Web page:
By Bill Walker
On February 3, Bond County Humane Society received good news as it was informed it would be the recipient of a $60,000 grant from the Petco Foundation, an amount which will go a long way toward the construction of a new cat shelter and office building on South Elm Street, but it's not enough to complete the entire project.
BCHS has set a capital campaign goal of $110,000 and is in dire need for the group's effort that resulted in the rescuing of 162 dogs and cats in 2015. At any given time, BCHS's cramped space at its cat shelter on Fourth Street is overwhelmed. A new shelter, which would be combined with the current location of the dog shelter, would eliminate that problem.
Despite not reaching the total needed for the cost of the building, the humane society is going ahead with the project iin a need to use the money it received through the grant.
On June 22, Bond County Humane Society will break ground on the cat shelter on land near its dog shelter located near Route 40.
"We're in kind of a crunch situation to do this project," said the humane society's director, Rachel Hundsdorfer.
According to Hundsdorfer, the project will begin soon after the groundbreaking as the foundation and the exterior will be constructed to use the funds provided by the Petco Foundation.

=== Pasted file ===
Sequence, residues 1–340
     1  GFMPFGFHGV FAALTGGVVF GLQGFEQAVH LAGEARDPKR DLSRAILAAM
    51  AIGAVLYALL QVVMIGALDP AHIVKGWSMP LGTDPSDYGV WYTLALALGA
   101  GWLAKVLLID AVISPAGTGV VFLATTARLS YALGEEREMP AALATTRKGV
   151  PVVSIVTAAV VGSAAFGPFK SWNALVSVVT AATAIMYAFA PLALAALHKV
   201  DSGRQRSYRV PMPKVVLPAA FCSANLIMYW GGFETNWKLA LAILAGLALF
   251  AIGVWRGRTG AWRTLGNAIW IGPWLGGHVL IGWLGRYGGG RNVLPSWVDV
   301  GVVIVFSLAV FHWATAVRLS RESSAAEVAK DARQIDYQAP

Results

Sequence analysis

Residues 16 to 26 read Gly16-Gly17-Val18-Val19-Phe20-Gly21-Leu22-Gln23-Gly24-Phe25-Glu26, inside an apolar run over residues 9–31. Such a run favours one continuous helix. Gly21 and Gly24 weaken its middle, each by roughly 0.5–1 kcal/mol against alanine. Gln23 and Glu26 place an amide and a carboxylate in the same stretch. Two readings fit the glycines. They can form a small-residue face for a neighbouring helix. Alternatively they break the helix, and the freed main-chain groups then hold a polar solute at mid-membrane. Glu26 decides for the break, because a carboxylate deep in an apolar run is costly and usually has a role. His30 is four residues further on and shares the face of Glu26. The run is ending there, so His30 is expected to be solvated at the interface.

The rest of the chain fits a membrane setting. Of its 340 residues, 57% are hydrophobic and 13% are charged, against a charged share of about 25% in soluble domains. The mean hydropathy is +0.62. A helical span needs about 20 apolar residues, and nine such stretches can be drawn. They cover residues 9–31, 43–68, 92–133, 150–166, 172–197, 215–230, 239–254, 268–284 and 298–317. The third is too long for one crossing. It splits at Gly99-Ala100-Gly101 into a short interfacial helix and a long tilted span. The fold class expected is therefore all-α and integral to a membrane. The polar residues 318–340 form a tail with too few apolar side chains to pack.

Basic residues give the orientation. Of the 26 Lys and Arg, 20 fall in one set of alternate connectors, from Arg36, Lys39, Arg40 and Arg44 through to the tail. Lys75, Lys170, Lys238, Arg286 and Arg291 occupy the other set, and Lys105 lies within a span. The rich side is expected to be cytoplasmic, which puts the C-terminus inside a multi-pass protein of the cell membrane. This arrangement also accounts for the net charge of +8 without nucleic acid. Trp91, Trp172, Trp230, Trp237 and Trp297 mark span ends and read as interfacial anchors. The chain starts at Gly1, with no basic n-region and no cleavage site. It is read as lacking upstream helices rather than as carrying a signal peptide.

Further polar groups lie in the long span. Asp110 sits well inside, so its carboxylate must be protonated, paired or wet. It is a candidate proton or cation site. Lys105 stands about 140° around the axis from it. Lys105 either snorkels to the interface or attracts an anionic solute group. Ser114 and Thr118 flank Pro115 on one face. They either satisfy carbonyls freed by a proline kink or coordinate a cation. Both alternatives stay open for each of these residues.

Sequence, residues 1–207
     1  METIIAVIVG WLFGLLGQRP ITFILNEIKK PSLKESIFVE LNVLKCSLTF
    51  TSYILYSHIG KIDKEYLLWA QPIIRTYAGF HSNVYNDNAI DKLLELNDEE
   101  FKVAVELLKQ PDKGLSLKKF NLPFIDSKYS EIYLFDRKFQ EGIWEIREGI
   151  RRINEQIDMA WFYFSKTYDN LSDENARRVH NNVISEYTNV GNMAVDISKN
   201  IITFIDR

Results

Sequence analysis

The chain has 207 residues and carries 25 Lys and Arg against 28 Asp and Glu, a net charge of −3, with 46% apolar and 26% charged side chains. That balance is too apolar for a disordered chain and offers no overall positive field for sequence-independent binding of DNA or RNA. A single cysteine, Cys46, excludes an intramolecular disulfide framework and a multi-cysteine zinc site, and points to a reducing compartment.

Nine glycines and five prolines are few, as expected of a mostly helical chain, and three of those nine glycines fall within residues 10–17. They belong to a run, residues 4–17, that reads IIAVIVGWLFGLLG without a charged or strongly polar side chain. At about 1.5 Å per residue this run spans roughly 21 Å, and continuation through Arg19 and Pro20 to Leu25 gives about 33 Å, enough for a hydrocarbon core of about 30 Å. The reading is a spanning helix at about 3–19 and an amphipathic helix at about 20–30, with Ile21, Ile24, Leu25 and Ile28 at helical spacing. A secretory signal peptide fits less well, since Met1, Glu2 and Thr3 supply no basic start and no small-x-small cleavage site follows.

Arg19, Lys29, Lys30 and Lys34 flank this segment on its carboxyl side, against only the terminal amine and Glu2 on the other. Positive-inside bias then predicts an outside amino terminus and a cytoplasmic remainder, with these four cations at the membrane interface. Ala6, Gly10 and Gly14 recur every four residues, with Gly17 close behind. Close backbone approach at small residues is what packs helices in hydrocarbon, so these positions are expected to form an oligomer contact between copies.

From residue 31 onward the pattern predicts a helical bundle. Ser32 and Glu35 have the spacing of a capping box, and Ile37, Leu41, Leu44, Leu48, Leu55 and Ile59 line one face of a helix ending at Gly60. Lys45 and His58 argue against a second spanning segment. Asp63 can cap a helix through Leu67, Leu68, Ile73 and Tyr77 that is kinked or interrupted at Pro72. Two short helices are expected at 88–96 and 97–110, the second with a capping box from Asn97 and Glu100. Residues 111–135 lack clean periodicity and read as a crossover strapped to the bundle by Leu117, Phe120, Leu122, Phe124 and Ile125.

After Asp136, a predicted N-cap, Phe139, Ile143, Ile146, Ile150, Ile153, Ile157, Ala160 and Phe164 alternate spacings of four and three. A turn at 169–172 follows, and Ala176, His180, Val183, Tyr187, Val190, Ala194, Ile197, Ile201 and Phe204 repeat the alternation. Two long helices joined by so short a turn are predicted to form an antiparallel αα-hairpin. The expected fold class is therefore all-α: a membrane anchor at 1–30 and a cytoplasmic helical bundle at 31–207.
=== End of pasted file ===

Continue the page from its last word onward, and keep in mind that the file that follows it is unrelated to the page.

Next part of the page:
That portion of the project is tentatively expected to be completed by September of this year.
The rest of the project's completion will await funding.
"It looks like we'll have to piece it together," Hundsdorfer said.
The group's goal with the completion of the first phase of the project would be to get enough of the inside of the building finished to allow the humane society to move its office and cat shelter space into the building.
"If we could do that," Hundsdorfer said, "we'd be thrilled to death."
Currently, BCHS operates two separate shelters, requiring the staffing of two groups of volunteers, a task that is overwhelming for a group that relies heavily on them for its work.
The completion of the cat shelter would allow for much more convenience.
Funding for the project, however, has been hard to come by which makes the Petco Foundation grant a welcome gift for BCHS.
In July of 2015, the humane society learned a grant it had been awarded by the State of Illinois to be used toward the construction of a new shelter, totaling $75,000, was suspended. In the midst of the budget impasse, the state originally suspended the money, but has since released $18,000 of the total.
In addition, the group has received a grant from Nestle Purina totaling $10,000 and another $5,000 in donations for the project.
All told, including the Petco Foundation grant, BCHS states it is still in need of nearly $50,000 to complete the project. In addition to rescuing 162 dogs and cats last year, BCHS spayed or neutered 441 animals, 232 of which were part of the Trap, Neuter and Release Program that catches feral/free-roaming cats.
Donate to the Capital Campaign online today at YouCaring.com/BCHScatshelter
The Greenville Advocate June 14, 2016 page 1, continued on page 5